The logic for this argument totally collapses when you scratch beneath the surface and realise fee competition between universities will just not work. Regional towns across Australia don’t have multiple universities that can be forced to “compete” with each other. Regional universities like the University of Wollongong and the University of Newcastle are the only universities in those cities. Small and regional universities oppose fee deregulation because they know it will lead to elite institutions increasing their fees at their expense further widening the funding gap between the big, rich universities and those that play a crucial role in educating and employment tens of thousands of people in regional Australia.
The final, but perhaps most significant change is the introduction of private, for-profit education companies into the university market. For the first time private institutions will be able to access government funding for student places in the same way as public universities.
Australia is currently witnessing the result of a competitive marketplace for education and in both instances, the results aren’t pretty. The federal government spends more money subsidising private schools than it does funding the public school system. Our wealthiest private schools, subsidised by the public purse, have become bastions of the elite while the public sector, which teaches the vast majority of the most disadvantaged, has become starved of resources and education quality is suffering.
The vocational education and training system in Australia has also been pushed into a competitive environment, with publicly funded TAFE’s forced to compete with private, for-profit providers. Between 2011 and 2012 there was an enormous 20% increase in the amount of government funding to non-TAFE, private providers. Right now, 23 cents in every dollar governments are spending on VET is going to private providers. This is up from 11 cents in the dollar in 2008. TAFE students and staff are suffering from this loss as funding while the winners are the profit making companies that own private training providers.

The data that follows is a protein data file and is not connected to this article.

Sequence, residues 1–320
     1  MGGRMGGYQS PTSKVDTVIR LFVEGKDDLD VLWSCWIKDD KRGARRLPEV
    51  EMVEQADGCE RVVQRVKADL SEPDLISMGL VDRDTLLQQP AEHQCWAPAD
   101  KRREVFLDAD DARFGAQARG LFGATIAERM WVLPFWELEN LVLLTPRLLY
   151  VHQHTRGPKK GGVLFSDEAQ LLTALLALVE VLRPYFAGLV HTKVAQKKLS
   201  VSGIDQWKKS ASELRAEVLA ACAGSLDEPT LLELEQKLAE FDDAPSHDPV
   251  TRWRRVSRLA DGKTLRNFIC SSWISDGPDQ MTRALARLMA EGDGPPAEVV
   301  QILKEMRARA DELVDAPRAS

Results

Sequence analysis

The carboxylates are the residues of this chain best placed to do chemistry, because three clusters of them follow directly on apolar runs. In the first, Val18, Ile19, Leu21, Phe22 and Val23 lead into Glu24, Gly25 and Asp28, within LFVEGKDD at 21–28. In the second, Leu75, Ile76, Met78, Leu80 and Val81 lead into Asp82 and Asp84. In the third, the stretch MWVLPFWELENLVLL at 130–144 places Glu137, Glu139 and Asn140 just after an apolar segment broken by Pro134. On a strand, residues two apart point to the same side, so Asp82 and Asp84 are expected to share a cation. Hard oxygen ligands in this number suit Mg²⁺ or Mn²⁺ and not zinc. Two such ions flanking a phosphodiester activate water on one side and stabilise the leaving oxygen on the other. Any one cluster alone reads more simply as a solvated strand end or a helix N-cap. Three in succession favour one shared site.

What all these proposed reforms have in common is the fact that they are driven not by evidence, or a desire to improve teaching and learning, but by radical, free market ideology.
This ideology has failed students, teachers and parents when it has been imposed in our school system and TAFE. It’s time to draw a line in the sand and say that the market, as constructed by ideologues like Tony Abbott, has no place in public higher education.
The Coalition government has so far struggled to implement its previously planned $2.3 billion cuts to higher education. An alliance of students, staff and the broader community mobilised during the last election campaign to ensure that these cuts wouldn’t be passed through the Parliament. The lesson from that campaign is that we can stop these radical reforms, but we need to build support in the community. The Q&A protests made higher education a talking point amongst hundreds of thousands of Australians. These planned cuts will hit the almost two million Australians that currently have a HECS debt, one million students, tens of thousands of staff and everyone in our society who cares about skilling up our nation for the future. Our challenge, from today, is to mobilise all of those people into fighting these cuts.
Lee Rhiannon is the Greens Senator for NSW.